R emember, in an upset
situation, if the airplane is stalled, it is first necessary to recover from the stall before initiating upset recovery techniques.

E xcessive rudder
can cause excessive sideslip, which could lead to departure from controlled flight.



We manufacturers were very concerned over the types of manoeuvres being flown in simulators and the conclusions that were being drawn from them. Simulators, like any computer system, are only as good as the data that goes into them. That means the data package that is given to the simulator manufacturer. And we test pilots do not deliberately lose control of our aircraft just to get data for the simulator. And even when that happens, one isolated incident does not provide much information because of the very complicated equations that govern dynamic manoeuvres involving non-linear aerodynamics and inertia effects.

S imulators should not be

used to develop techniques at the edges of the flight envelope.

The complete data package includes a part that is drawn from actual flight tests, a part that uses wind tunnel data, and the rest which is pure extrapolation. It should be obvious that firm conclusions about aircraft behaviour can only be drawn from the parts of the flight envelope that are based on hard data. This in fact means being not far from the centre of the flight envelope; the part that is used in normal service. It does not cover the edges of the envelope. I should also add that most of the data actually collected in flight is from quasi-static manoeuvres. Thus, dynamic manoeuvring is not very well represented. In fact, a typical data package has flight test data for the areas described in Table 1. In other words, you have reasonable cover up to quite high sideslips and quite high angles of attack (AOA), but not at the same time. Furthermore, the matching between aircraft stalling tests and the simulator concentrates mainly on the longitudinal axis. This means that the simulator model is able to correctly reproduce the stalling speeds and the pitching behaviour, but fidelity is not ensured for rolling efficiency

Table 2

SLATS OUT SLATS IN, LOW MACH SLATS IN, HIGH MACH From +18 to -18 From +18 to -18 From + 8 to -8

Angle of attack
From -5 to 25 From -5 to 12 From -2 to 8

(based on a simplified model of wind tunnel data) or for possible asymmetric stalling of the wings. Also, the range for one engine inoperative is much less than the range for all engines operating and linear interpolation is assumed between low and high Mach numbers. Wind tunnel data goes further. For example, a typical data package would cover the areas described in table 2. In fact, this is a perfectly adequate coverage to conduct all normal training needs. But it is insufficient to evaluate recovery techniques from loss of control incidents. Whereas, the training managers were all in the habit of demonstrating the handling characteristics beyond the stall; often telling their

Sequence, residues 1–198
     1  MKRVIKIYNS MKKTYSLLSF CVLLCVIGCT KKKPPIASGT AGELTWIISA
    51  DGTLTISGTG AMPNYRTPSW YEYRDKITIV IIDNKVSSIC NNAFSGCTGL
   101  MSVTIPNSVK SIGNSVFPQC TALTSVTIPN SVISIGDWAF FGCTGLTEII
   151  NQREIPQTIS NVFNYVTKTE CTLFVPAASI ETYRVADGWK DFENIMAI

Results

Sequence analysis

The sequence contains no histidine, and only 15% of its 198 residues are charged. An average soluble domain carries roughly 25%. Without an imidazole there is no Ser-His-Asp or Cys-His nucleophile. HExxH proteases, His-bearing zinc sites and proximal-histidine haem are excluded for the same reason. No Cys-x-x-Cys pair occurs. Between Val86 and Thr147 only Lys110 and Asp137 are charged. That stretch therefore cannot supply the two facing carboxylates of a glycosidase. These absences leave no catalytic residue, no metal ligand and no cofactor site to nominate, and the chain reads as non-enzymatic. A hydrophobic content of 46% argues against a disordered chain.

trainees that the rudder is far more effective than aileron and induces less drag and has no vices! In short, they were developing handling techniques from simulators that were outside their guaranteed domain. Simulators can be used for upset training, but the training should be confined to the normal flight envelope. For example, training should stop at the stall warning. They are virtual aircraft and they should not be used to develop techniques at the edges of the flight envelope. This is work for test pilots and flight test engineers using their knowledge gained from flight testing the real aircraft.

It may seem that there is a gulf between the world of testing and that of training, but the message that I would like to get over in this article is that we can all learn from each others experiences and that we should not do things in isolation. It is all about working together, which is what we all did when we met to prepare and review this training aid, even though we sometimes had some very lively sessions. And there is one word that crops up frequently: compromise. Life is a compromise, and you always have to search for that ideal point between two extremes which Aristotle called the golden mean. By finding suitable compromise solutions, our two worlds of testing and training were able to resolve their differences and develop something that satisfied everyone. Of course there are also some points about piloting that were raised during our discussions which I feel should have a larger audience. They are important, but they should be kept in context. On the whole they are related to recovery of an aircraft which is already out of control, or is about to be. This is an area in which the test pilots have some experience which other pilots do not normally have, because the aim of training should be to prevent an aircraft getting into such a situation. The end result of all the discussions that took place was to concentrate everyones attention on taking action early enough to prevent the occurrence of loss of control. We put the emphasis on training within the known flight envelope, and to avoid going into that part which cannot be guaranteed one hundred per-cent and which may have a negative effect. In conclusion, we must use each others competences in the areas where they are expert. Of course the training programmes must be designed by training pilots, but these training programmes must stay in a reasonable flight envelope. And the test pilots are best qualified to define the flight envelope that should be used. That is what we now have with this joint industry training aid, which is a very good example of how we can all work together in everyones interest. n

Table 1

SLATS OUT q All Engines Operating

Angle of attack

C oncentrate everyones
attention on taking action early enough to prevent the occurrence of loss of control.

One Engine Inoperative

Around neutral Between 0and 22 Between + 15 and -15 Between 0 and 12 Between +8 and -8 Between 5 and 12

SLATS IN, LOW MACH All Engines Operating One Engine Inoperative

Around neutral Between +10 and -10 Between +8 and -8

Between 0 and 12 Between 2 and 9 Between 2 and 8

SLATS IN, HIGH MACH q All Engines Operating


One Engine inoperative

Around neutral Between +5 and -5 Between +2 and -2

Between 0 and 5 Between l and 3 Between 1 and 3